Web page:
This is good news but Turnbull still wants to have the Paris cake and power the fridge with the crumbs
Faced with national bill shock, dismal Newspolls, and even leadership rumors, Turnbull is, at last, dropping the deadweight Finkel Clean Energy Target. The biggest poisoned-band-aid will not be plastered on, though mini bandaids will be.
Too much regulation is never enough and the energy market is still being micromanaged.
[ABC news] A Clean Energy Target recommended by Australia’s chief scientist will not be adopted, with the Federal Government instead proposing a new plan to bring down electricity prices.
The details have not officially been released, but the ABC understands Prime Minister Malcolm Turnbull will argue his policy will lower electricity bills more than a Clean Energy Target (CET), while meeting Australia’s Paris climate change commitments.
And they wonder why no one wants to build a coal station here, despite finding 1,600 other places to build them in 62 other countries:
Cabinet is also keen to adopt a generator reliability obligation, which requires three years’ notice of closing a power station, in order to prevent a repeat of the sudden closure of Hazelwood power station in Victoria in March.
The answer to pointless overdone, intrusive and clumsy regulation is apparently to do even more of it:
[The Australian] Energy retailers will be forced to buy a minimum amount of baseload power from coal, gas or hydro for every megawatt of renewable energy under a drastic intervention into the energy market by the Turnbull government to drive energy bills down by $115 a year.
We forced people to buy renewables, and now we force people to buy the antidote too.
The only subsidies we are ending are the ones that haven’t started yet:
Malcolm Turnbull and Energy Minister Josh Frydenberg will today announce a “national energy guarantee” as the centrepiece of an energy plan that will end new taxpayer subsidies for renewable energy from 2020 and impose a 0.2 per cent reliability regulation on retailers to inoculate the system from blackouts and give a lifeline to coal power.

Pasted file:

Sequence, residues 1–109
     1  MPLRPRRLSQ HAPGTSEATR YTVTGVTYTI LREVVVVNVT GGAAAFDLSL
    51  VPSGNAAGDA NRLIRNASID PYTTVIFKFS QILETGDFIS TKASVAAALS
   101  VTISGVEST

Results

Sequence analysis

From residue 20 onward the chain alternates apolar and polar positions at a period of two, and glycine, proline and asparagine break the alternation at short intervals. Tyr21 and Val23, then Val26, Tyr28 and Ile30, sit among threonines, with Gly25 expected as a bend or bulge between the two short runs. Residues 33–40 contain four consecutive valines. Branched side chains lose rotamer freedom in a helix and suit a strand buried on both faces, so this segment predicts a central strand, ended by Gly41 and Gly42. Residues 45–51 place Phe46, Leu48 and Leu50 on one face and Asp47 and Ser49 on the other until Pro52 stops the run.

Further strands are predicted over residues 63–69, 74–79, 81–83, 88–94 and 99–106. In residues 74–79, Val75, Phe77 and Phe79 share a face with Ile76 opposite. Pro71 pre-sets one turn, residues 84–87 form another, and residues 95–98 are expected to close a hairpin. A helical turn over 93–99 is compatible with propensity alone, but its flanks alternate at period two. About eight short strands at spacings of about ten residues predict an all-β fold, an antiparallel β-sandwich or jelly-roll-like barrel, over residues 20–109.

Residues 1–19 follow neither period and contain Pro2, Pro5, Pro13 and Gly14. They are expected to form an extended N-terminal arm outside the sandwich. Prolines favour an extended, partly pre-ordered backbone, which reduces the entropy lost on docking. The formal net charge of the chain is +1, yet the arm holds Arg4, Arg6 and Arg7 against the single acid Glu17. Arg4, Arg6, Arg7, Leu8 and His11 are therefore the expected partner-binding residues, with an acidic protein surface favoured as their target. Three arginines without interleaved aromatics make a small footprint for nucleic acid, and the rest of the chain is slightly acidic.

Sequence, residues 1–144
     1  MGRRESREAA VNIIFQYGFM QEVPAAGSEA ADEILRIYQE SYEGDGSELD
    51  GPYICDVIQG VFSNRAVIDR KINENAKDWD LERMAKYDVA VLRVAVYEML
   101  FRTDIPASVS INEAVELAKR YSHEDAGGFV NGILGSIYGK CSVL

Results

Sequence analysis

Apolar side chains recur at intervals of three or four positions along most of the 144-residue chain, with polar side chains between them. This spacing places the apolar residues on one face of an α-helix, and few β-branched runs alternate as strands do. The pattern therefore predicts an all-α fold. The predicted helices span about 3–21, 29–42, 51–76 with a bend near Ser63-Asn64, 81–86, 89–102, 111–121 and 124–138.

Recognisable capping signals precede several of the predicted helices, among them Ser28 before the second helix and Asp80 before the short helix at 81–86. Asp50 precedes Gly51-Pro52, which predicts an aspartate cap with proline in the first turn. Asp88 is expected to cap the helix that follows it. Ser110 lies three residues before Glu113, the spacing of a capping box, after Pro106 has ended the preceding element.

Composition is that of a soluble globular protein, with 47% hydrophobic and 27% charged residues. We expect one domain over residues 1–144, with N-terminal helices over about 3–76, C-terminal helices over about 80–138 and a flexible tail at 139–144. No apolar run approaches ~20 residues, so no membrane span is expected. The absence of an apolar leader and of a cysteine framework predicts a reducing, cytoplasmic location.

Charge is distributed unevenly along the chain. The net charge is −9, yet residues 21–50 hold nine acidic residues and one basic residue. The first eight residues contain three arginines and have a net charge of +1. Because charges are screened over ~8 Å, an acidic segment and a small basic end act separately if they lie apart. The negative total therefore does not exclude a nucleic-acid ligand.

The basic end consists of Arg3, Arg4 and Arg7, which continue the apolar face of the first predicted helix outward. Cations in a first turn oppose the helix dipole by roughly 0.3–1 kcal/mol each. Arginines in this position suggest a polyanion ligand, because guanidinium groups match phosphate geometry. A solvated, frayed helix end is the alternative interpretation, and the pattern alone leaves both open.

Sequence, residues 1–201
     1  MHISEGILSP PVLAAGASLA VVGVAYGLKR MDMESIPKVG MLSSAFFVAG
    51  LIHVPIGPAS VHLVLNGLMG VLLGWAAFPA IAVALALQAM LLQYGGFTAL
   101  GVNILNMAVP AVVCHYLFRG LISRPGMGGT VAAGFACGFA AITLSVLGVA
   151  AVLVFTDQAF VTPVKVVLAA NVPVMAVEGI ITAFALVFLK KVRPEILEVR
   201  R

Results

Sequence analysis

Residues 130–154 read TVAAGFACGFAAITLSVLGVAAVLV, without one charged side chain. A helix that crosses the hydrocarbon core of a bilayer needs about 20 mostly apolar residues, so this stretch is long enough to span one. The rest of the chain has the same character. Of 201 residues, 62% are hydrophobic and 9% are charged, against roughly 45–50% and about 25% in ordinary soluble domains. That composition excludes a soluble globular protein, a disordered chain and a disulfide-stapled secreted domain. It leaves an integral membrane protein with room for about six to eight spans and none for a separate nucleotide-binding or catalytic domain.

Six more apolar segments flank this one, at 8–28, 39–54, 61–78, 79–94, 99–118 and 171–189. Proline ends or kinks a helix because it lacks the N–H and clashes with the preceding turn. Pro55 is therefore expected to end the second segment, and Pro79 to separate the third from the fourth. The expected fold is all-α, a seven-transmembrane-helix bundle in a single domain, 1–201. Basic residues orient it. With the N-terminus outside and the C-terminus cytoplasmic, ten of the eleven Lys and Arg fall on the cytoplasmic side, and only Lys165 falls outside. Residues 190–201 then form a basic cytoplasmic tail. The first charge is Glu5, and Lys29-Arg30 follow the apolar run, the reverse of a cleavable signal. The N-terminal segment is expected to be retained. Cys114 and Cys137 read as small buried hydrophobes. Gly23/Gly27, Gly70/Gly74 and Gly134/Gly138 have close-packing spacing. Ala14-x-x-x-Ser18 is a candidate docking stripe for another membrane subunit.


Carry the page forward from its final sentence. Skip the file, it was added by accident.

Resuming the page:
The savings (if they happen) are small compared to the increases:
A senior government source confirmed that the policy signed off by cabinet last night and to be taken to the Coalition partyroom today, is estimated to cut retail energy bills of between $100 and $115 a year.
We are just aiming to wind back a tiny part of the pain.
[The Australian] …It is those untruths Abbott has called out.
And the response from his critics? Personal abuse, distortion… the Prime Minister snidely refers to “it being Mental Health Day”; a minister (Josh Frydenberg) who resorts to the self-demeaning criticism that, as prime minister, Abbott defended the renewable energy target and signed up to the Paris Agreement, both of which he now criticises.
Of course he did, because, despite his long-held view that this new paganism was “absolute crap”, a Turnbull-led majority of his cabinet, to their eternal discredit, had gone along with it and tied his hands. Being at last free to speak the truth, should he be mocked for doing so?
The fact is, as Terry McCrann said (The Daily Telegraph, October 12), Abbott’s speech was “a seminal event”.
The global bullies are trying to tar Abbott by reminding everyone of what he said as a PM and contrasting it with what he says now. But it’s unlikely to do much harm. Millions voted for him when he made a “blood oath” to remove the carbon tax. He didn’t win more over when he spoke with the wooden tones, constrained as PM. Indeed, the critics just give Abbott a chance to talk about why our national conversations are so constrained by the politically correct box…
To pursue the renewable grail,
With Australia’s great coal wealth for sale,
To be burned up abroad,
Is a policy flawed,
And reduce power prices, would fail.
h/t David B, Scott of the Pacific, Pat.
PS: Headline edited. Was “Christmas already.” (or something like that). Now it’s “Santa’s arrived”.